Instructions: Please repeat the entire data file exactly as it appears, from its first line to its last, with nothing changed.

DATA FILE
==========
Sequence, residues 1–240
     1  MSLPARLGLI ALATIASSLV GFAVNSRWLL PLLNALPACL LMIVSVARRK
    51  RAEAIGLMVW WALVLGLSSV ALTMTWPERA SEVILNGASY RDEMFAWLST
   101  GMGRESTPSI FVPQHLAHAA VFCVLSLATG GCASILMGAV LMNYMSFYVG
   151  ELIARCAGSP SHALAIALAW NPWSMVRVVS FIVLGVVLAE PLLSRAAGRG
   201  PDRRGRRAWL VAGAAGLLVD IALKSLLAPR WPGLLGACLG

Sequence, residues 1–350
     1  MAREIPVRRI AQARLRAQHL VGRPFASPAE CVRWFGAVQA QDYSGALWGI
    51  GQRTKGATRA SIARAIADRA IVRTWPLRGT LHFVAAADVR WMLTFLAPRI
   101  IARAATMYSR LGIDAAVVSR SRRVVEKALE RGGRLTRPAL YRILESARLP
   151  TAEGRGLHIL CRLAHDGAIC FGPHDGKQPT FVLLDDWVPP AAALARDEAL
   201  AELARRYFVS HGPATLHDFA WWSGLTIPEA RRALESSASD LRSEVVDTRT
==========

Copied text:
Sequence, residues 1–240
     1  MSLPARLGLI ALATIASSLV GFAVNSRWLL PLLNALPACL LMIVSVARRK
    51  RAEAIGLMVW WALVLGLSSV ALTMTWPERA SEVILNGASY RDEMFAWLST
   101  GMGRESTPSI FVPQHLAHAA VFCVLSLATG GCASILMGAV LMNYMSFYVG
   151  ELIARCAGSP SHALAIALAW NPWSMVRVVS FIVLGVVLAE PLLSRAAGRG
   201  PDRRGRRAWL VAGAAGLLVD IALKSLLAPR WPGLLGACLG

Sequence, residues 1–350
     1  MAREIPVRRI AQARLRAQHL VGRPFASPAE CVRWFGAVQA QDYSGALWGI
    51  GQRTKGATRA SIARAIADRA IVRTWPLRGT LHFVAAADVR WMLTFLAPRI
   101  IARAATMYSR LGIDAAVVSR SRRVVEKALE RGGRLTRPAL YRILESARLP
   151  TAEGRGLHIL CRLAHDGAIC FGPHDGKQPT FVLLDDWVPP AAALARDEAL
   201  AELARRYFVS HGPATLHDFA WWSGLTIPEA RRALESSASD LRSEVVDTRT